So many thought-provoking questions, that really set me thinking - Am I really giving students the space to explore? Am I really giving them choices?

The discussion then led to the teaching of LANGUAGE and he asked me yet another difficult question: What is LANGUAGE? In my mind, language is the means to convey one's ideas and to make meaning. That in essence is not incorrect but the word "language" connotes the written and spoken forms, when language would be conveyed through signs, images and other forms. Would semiotics be required? Must meaning be conveyed only through one language? What if meanings are best conveyed through multiple means and a bicultural text or multicultural text best brings out the meaning. On hindsight, aren't our signs at MRT stations presented in EL, CL, ML and TL?

I don't know - but I shared these thoughts with Ching Ya and we both agreed it might be something worth looking at.

Of course, Dr Towndrow and I had a discussion on what PEDAGOGY is. My very simplistic definition is a set of strategies teachers could use to teach. I checked with and found that it is also "the art or science of teaching"! If it is an art or a science, could be ever "perfect" it? Most probably not, as it will encompass interactions between teachers and students and the current innovations in the educational landscape. If we were to give students choices in what they could learn, what pedagogy are we talking about?

Yet again, I have no answer but I endeavour to find the best way to engage SST students and I am realising that this is bigger than I used to think it is. Will I have the freedom to explore and innovate? Time will tell.

Monday, January 19, 2009

"Rude" Awakening

While I was searching the web for information on 21st century skills, I chanced upon this document that provided links to Youtube videos on 21st century learning.

Here is the first video I saw and it resonates in my head that MY pedagogy (and way of thinking about teaching) has to change if I were to engage my students!

I also like this video which reminds me of the importance of creating a curriculum that will REALLY provides the space for students to LEARN. I MUST bear this in mind when I design the curriculum!

Sunday, January 18, 2009

Revising the Proposal

Updating this blog is really not natural to me. Searching for information, visiting Facebook to find out what's happening to my friends and ex-students and checking emails however is.

That was why it suddenly struck me as I was revising my CI proposal that I should update my blog, to note down in this journey the challenges and successes I experience.

1st challenge: Finding the motivation to revise the proposal. This weekend has been so tiring for me, having to attend a wedding dinner and celebrating Asher's birthday (twice!) that sitting down to do my PDCM work is least on my priority. Thank goodness I tied myself to it by telling Dr Towndrow I would send a revised version over tomorrow. I know if I set for myself a dateline like that, I better keep it.

Looking at the notes that I wrote during my discussion with Dr Towndrow revealed a very clear systematic approach to doing this action research. I have decided to use myself as the "test subject" and find out in this last module how writing is taught with the use of ICT and how assessment is done. All this to be made more consistent with 21st century skills and dispositions.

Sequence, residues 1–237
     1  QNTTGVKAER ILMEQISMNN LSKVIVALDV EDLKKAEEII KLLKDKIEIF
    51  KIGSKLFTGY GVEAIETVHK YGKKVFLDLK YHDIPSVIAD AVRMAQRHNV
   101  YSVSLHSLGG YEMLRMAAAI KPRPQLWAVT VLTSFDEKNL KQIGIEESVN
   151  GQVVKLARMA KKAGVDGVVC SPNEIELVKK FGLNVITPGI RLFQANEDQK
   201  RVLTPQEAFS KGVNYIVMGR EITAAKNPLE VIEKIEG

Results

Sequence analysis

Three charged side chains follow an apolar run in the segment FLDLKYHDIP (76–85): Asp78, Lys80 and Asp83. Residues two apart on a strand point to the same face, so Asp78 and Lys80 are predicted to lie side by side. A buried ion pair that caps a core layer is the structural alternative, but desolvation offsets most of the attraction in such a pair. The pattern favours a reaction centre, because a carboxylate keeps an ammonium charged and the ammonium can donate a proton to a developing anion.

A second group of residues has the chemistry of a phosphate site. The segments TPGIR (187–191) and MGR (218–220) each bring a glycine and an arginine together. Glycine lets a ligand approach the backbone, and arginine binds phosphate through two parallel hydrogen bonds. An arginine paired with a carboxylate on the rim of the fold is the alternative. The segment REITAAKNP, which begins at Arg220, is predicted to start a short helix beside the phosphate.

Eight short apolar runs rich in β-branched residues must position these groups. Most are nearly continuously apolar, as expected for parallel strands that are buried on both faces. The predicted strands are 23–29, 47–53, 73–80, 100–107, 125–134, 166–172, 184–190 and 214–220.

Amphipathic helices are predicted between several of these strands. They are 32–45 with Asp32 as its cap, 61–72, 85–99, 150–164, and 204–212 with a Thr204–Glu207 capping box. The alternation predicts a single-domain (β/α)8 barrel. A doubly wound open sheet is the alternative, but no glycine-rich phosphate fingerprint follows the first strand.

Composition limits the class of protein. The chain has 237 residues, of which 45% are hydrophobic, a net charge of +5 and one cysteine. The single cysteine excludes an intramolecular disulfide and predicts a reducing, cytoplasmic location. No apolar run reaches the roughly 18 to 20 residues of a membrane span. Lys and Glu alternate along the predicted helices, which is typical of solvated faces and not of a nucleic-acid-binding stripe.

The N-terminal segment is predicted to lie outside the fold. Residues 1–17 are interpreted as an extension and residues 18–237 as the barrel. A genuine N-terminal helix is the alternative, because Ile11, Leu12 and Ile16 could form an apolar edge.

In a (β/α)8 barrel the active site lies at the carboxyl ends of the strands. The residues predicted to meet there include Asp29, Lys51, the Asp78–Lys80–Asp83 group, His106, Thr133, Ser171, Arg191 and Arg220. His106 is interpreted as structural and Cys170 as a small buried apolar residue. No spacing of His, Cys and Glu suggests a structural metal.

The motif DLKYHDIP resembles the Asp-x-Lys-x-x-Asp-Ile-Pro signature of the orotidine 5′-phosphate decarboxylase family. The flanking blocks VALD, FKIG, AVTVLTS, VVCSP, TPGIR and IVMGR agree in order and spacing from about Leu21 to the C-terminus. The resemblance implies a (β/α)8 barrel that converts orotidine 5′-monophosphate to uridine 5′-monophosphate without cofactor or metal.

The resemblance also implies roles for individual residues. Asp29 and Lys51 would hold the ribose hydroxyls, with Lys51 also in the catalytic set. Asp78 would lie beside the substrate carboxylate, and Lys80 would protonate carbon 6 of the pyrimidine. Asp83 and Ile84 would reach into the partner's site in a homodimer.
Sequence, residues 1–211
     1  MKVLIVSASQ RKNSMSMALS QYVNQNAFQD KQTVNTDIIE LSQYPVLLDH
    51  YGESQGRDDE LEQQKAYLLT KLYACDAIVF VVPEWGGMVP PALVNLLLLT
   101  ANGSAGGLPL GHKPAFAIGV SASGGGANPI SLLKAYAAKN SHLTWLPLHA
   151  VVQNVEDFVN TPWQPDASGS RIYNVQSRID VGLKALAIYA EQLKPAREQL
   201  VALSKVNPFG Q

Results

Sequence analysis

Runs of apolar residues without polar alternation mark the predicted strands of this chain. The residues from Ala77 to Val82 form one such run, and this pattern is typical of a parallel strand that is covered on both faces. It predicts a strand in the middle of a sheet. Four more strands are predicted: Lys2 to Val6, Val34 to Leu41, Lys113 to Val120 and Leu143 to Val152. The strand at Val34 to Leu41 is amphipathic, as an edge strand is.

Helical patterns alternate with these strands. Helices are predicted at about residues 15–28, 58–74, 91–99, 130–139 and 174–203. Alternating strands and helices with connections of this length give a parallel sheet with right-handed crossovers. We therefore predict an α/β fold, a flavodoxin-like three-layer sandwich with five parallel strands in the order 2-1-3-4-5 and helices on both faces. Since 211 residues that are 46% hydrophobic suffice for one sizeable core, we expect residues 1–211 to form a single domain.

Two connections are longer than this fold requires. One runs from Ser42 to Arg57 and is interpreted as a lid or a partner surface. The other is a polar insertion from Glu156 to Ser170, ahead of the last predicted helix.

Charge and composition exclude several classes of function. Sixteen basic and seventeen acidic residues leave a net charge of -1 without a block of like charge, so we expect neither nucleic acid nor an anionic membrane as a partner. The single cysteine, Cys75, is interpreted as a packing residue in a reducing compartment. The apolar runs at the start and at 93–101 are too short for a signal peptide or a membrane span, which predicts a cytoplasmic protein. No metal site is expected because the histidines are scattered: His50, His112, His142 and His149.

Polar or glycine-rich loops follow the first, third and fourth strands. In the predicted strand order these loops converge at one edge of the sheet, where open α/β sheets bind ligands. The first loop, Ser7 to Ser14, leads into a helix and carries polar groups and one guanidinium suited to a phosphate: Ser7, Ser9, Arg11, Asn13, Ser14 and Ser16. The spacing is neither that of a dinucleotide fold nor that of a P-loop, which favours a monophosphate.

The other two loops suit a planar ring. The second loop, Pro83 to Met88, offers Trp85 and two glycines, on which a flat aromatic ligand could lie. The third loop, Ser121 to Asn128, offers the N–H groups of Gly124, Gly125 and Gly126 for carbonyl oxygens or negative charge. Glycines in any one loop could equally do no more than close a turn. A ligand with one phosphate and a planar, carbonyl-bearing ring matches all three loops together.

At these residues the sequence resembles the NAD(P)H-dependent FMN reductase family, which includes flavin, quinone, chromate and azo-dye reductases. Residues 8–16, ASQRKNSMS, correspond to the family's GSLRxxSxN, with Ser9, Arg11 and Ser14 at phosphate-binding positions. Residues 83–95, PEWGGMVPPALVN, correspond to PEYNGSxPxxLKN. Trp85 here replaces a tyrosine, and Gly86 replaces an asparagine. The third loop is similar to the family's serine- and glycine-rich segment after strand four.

First thing first, completing the revision and sending it out and then off to Google and ERIC to look for related articles.

Wish me lots of luck (and focus)!

Wednesday, January 14, 2009

A "Challenge"

Yesterday I went to visit my Critical Inquiry (CI) advisor, Dr Towndrow (CRPP/NIE), to go through my research proposal for my last module in Masters in Education (English Language). During the discussion, he asked if I kept a blog and my immediate answer at that point in time was, no. He then gave me a challenge - Keep one and use it. And that's why the renewed efforts to blog but of course seeing why I should do so too.

In some sense, it was true I do not keep a blog. Yet, while I was serving my three-year stint in Educational Technology Division (MOEHQ), I did dabble with blogs (Blogger, Multiply and even LiveJournal), mostly to try them out to know what they could do (so as to facilitate my work in ETD) and also more for conduct of workshops on the use of blogs, but as to whether I KEPT one, in the strictest sense, no.

Technically speaking, I know what blogs could do, but personally, it never took off as a platform for me to share about my life. I suppose I am just not comfortable to do so but mostly I am not the introspective and reflective kind of person. In Gardner's terms, I am more likely not very intrapersonal-intelligent. Then again, putting things on a blog (like a personal diary) is not my kind of thing too. This is really not surprising, considering the fact that Prensky would call me a Digital Immigrant (I acquired the digital language, perhaps fairly quickly, and am not adverse to it but might not speak it like our younger generation now) with an accent of not putting things on line. I mean, I have accounts with many cyber platforms (e.g. Wetpaint, Google, Facebook) but I would still much prefer to read things in hardcopies and printing them out so that the print would not be harsh on my eyes ;p

Anyway, I shall continue to pen down my thoughts as I do my many readings for the module, and as I journey as the Subject Head for English Language in my new posting, School of Science and Technology, Singapore. It is perhaps discordant if I do not start using Web 2.0 tools more pervasively in my own life, because essentially the kind of students coming to my school would be very comfortable doing so.

The question then is, what can my school do differently from other schools when it comes to providing the kind of education geared to the interests and abilities of the prospective students?

This blog shall attempt to uncover my discoveries :)